• Once the registrar has prepared the summons with these details, the party who requested it is responsible for serving it on the witness. Once the witness has received the summons, they are not required to attend the principal hearing unless the party that requested the summons pays reasonable travel expenses to the witness before the hearing.

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Principal hearing

At a principal hearing, both parties present their side of the complaint before the judge and the tribunal members.

The complainant starts by telling their account of the complaint, and witnesses are called to support their case (if they have witnesses). Any documents to be used as evidence will be tendered at this stage.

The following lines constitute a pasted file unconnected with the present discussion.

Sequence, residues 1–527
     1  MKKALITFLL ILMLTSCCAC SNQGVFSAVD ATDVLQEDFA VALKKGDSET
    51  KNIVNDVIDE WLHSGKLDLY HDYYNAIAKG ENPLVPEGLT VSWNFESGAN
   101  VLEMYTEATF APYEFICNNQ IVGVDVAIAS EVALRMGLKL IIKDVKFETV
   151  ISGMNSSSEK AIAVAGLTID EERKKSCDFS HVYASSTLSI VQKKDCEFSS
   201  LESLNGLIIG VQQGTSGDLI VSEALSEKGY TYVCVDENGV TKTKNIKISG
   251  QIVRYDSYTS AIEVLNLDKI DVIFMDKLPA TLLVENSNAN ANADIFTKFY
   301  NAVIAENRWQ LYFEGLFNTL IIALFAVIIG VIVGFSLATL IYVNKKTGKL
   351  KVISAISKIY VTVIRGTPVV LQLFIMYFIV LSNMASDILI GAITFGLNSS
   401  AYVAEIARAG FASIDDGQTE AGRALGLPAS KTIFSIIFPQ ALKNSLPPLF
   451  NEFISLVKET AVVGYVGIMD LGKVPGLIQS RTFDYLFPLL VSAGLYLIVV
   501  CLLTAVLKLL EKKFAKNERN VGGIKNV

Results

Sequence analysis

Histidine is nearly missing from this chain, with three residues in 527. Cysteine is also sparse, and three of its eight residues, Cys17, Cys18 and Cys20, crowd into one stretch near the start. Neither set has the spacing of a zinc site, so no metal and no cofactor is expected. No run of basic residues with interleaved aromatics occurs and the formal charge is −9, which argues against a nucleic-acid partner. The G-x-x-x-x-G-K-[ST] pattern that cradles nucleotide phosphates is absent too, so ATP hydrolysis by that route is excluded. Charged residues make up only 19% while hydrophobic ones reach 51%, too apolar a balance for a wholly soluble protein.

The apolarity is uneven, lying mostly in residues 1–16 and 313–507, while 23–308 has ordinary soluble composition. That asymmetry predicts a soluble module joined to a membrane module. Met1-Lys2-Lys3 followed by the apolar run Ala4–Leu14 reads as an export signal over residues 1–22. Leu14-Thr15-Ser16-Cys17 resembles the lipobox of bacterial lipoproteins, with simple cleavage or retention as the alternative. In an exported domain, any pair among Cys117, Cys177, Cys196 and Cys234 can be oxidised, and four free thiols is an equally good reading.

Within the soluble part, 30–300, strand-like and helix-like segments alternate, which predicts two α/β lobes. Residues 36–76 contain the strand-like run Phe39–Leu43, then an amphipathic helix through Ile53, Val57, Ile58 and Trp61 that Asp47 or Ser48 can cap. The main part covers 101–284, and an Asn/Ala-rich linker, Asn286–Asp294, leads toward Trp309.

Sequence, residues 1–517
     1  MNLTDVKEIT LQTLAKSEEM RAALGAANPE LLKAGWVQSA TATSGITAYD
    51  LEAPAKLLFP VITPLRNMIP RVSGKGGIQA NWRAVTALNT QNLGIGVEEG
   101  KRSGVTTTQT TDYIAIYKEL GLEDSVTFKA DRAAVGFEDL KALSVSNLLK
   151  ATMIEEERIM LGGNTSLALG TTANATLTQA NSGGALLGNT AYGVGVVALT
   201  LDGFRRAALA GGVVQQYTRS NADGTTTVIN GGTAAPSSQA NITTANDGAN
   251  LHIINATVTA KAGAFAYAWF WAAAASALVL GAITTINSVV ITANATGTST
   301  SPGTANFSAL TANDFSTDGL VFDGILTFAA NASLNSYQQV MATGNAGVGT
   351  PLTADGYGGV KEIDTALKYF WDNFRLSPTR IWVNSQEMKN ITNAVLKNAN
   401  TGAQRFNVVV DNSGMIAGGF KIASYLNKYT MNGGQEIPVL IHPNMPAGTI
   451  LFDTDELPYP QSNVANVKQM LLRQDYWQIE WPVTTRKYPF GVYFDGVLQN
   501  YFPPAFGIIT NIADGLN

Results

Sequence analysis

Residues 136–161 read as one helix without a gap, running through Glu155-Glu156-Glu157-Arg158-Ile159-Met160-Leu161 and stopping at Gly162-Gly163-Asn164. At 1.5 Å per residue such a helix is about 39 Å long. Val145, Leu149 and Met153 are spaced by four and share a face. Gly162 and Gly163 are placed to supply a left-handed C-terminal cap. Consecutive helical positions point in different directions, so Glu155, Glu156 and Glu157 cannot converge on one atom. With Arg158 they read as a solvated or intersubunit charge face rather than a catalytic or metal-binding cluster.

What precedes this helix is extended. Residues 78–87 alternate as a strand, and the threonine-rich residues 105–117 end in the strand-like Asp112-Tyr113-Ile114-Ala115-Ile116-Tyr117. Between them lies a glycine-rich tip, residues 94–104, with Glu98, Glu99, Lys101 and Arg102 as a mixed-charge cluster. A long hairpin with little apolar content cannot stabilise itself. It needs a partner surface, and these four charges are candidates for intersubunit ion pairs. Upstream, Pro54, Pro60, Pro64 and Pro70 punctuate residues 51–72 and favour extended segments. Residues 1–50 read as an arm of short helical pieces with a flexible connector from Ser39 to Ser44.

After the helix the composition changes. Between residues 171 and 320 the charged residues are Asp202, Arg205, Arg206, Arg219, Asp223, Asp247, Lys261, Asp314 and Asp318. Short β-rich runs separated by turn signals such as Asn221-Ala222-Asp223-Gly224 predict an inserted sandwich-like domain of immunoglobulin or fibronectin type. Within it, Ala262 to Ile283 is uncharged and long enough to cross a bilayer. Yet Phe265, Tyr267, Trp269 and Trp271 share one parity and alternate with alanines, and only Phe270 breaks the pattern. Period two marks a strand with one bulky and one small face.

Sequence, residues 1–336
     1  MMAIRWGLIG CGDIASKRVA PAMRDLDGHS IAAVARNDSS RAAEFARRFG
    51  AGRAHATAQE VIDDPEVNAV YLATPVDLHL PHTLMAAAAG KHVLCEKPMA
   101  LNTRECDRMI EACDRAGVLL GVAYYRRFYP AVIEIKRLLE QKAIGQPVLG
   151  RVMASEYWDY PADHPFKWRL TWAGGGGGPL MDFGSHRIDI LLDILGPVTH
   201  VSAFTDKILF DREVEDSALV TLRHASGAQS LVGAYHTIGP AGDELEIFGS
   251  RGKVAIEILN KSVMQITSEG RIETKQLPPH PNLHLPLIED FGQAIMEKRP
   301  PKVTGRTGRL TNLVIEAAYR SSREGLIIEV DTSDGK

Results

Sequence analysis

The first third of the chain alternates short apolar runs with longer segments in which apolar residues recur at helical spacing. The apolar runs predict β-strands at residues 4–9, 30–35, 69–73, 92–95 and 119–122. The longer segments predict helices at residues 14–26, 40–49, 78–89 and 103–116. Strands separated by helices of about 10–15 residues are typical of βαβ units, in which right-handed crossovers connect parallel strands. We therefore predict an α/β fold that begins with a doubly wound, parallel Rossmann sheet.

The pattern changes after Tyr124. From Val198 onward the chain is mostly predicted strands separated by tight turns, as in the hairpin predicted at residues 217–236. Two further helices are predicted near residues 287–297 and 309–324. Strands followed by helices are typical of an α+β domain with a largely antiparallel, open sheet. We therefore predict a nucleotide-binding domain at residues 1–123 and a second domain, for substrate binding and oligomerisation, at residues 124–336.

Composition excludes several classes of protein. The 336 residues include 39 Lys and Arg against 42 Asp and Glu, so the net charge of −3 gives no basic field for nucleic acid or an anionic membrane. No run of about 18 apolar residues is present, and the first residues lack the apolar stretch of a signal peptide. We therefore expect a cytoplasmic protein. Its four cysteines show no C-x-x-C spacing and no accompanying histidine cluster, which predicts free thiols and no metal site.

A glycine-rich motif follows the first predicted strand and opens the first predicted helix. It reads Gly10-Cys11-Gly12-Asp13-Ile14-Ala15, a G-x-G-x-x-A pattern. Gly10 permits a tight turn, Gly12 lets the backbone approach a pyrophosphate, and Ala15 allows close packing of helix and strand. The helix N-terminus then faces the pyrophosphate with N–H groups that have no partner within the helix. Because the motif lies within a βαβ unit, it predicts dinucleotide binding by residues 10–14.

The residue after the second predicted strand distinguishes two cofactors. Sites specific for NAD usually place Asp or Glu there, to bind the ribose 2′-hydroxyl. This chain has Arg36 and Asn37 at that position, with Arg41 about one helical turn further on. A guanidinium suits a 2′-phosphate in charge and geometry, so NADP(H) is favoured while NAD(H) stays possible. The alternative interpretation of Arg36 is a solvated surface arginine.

The respondent then cross-examines (questions) the complainant and his/her witnesses to determine whether there are any weaknesses in their case.

The respondent and his/her witnesses will then have the opportunity to give evidence, and the complainant will have a chance to cross-examine.

The complainant and then the respondent will need to make closing statements to the Tribunal.

The tribunal may not make a decision on the day of the principal hearing, if they require more time to consider the matter. The parties will be notified when a decision has been made.

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Opening Hours

9:30am to 4:30pm
Monday – Friday
Excluding public holidays